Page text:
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Phil Jackson agrees with Jerry West's critical comments on Lakers' defense

January 23, 2011 |  2:43 pm

Philosophically, Jerry West and Phil Jackson rarely agree on much.

The former Lakers star and general manager has long maintained that talent determines championship success. The current Lakers coach believes it's the system -- the triangle, teamwork, managing egos to achieve a final goal -- that's pointed to his 11 championship rings.

But there's at least one point on which the two men reach consensus -- the Lakers' defense needs work.

“If there’s a loose ball now, how often do they get it?” West asked as the keynote speaker Thursday during the annual Orange County Automobile Dealers Assn. luncheon. “The reason you ‘can’t play defense’ is because you can’t!"

"He's right," Jackson said with a smile after Sunday's practice when West's comments were relayed to him. "We have to do a lot of things right to play defense the way we want to. Most of it is about controlling the tempo of the game. Some of it is about speed and outright speed. We're not the fastest team on the boards. We can do it if we control things the right way."

And West had more concerns about the Lakers than just their defense. He believes the team's mileage and age will soon catch up to it: "I don’t think the Lakers will be good for much longer. You can keep a car running for a long time by changing the tires, etc. You can’t change a player’s tires." He also shared his belief that the Boston Celtics have a good chance to win the NBA title: "I think Boston is a very dangerous team,” he said. “I would not want to play them every other night."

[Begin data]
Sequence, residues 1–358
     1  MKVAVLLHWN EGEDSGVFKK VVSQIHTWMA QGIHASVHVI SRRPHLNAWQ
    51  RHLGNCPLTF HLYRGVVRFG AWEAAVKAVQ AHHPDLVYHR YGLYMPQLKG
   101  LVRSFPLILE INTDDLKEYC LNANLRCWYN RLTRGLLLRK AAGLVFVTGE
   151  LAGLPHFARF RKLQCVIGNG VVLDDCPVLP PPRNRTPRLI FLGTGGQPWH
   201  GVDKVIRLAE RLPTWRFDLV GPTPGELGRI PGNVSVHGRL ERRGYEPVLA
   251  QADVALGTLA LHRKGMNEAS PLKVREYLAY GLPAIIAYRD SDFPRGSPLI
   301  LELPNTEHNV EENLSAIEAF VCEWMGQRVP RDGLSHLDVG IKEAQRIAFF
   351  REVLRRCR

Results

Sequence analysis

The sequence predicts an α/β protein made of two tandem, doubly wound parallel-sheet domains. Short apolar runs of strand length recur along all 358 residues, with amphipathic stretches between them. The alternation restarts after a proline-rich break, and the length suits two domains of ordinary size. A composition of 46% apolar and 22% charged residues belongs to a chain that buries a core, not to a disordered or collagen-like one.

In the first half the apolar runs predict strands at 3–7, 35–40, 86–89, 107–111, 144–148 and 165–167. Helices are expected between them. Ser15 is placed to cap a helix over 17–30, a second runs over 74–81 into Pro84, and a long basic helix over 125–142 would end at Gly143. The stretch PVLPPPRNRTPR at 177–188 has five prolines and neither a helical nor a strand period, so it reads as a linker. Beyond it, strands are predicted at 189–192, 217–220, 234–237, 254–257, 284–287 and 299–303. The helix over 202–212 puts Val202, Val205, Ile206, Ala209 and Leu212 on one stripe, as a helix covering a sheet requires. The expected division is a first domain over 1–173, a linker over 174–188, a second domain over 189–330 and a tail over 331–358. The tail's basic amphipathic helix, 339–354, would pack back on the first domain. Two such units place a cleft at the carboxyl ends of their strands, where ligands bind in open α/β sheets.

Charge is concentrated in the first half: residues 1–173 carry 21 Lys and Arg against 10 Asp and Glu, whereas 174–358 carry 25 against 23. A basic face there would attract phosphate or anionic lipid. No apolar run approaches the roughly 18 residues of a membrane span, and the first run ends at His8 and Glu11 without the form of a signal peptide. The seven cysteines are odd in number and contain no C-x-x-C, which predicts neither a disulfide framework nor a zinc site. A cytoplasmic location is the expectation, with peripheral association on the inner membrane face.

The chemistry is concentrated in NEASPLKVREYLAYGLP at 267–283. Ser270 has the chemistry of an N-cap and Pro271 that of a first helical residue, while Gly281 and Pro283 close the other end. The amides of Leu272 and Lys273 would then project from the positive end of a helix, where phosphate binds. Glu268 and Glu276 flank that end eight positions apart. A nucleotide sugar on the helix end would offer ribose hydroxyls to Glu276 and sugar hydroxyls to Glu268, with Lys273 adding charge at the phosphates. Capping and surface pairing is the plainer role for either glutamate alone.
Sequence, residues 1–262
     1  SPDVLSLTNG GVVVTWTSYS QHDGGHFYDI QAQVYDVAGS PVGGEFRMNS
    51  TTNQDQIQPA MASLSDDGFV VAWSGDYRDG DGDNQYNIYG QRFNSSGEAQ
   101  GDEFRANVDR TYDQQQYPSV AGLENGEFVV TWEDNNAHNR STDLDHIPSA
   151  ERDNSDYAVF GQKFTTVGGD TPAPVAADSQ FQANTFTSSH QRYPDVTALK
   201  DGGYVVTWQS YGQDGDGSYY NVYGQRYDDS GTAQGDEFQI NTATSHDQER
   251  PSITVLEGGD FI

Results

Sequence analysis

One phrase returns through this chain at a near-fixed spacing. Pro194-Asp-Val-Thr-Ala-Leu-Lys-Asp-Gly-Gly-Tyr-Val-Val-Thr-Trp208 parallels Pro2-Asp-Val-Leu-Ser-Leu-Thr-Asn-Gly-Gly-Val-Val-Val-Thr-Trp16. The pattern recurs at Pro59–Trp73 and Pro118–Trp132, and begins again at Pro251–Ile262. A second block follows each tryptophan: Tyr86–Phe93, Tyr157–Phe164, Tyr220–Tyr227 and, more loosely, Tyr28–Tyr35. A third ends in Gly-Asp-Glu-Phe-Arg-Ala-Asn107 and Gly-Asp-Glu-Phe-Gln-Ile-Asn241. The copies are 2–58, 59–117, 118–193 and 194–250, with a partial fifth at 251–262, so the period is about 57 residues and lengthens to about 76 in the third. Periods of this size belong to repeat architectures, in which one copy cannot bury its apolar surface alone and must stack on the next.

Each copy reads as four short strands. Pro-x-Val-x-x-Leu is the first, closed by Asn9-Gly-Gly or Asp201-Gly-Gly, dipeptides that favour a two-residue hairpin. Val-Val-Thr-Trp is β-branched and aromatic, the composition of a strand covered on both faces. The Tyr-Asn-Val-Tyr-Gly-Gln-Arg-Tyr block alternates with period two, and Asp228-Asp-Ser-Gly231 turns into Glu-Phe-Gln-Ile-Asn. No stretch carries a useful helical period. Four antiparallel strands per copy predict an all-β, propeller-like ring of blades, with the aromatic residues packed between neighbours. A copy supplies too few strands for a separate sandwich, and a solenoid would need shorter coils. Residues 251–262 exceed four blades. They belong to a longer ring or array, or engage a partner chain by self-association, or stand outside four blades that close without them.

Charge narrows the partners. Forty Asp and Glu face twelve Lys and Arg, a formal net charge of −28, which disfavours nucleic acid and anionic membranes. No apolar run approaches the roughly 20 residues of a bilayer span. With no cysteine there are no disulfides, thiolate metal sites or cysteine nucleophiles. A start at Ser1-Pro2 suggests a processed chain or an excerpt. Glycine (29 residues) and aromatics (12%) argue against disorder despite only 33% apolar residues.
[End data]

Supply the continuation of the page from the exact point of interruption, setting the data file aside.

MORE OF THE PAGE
Incidentally, West made those comments during a speech in which he preached about the auto industry's need to overcome challenges to succeed. So it's not as if the Lakers are doomed to failure defensively. Their 107-97 victory Friday over Denver featured holding the Nuggets to four fast-break points, and Ron Artest contributed to Carmelo Anthony scoring 23 points on only 10 of 24 shooting.

The Lakers also credited a new defensive scheme that emphasized forcing baseline drives instead of through the middle, more emphasis on perimeter defense and keeping the front-line players close to the basket as instrumental in holding opponents under 100 points in nine of the 11 past contests. And statistically, the Lakers have fared well defensively in points allowed (a 10th best 96.4 points per game), opponent's field-goal percentage (43.8%, tied for third), opponent's three-point field-goal percentage (33.9%, fifth overall) and point differential (-7.04, fourth in the league).

As indicated by the Lakers' sluggish 109-100 loss Wednesday to the Mavericks, however, the team remains a work in progress in consistently sharpening those concepts.

Artest was deferential when told about West's comments, saying, "Jerry West has a great mind. But I'm not sure. It depends. I can't pinpoint." He then went on to say that he felt "great" physically before conceding that he had trouble last week "because I couldn't get in a rhythm" when guarding Clippers guard Eric Gordon, who scored 30 points on 13 of 20 shooting.

To offset opponents' offensive firepower, Jackson also has emphasized having two players remain close to the basket to grab rebounds, two players ready to march back on defense and leaving the shooter either to follow his shot or provide help on the defensive end. And the Lakers have often allowed their talent level to get into track meets with teams rather than playing at a deliberate pace.

"It's the toughest time to play defense in the NBA," Jackson said. "You can't do it off turnovers very rarely and you can't do it a lot of times off bad shots. It just goes that way. It's has to be good shots and it has to be at the right time."

-- Mark Medina

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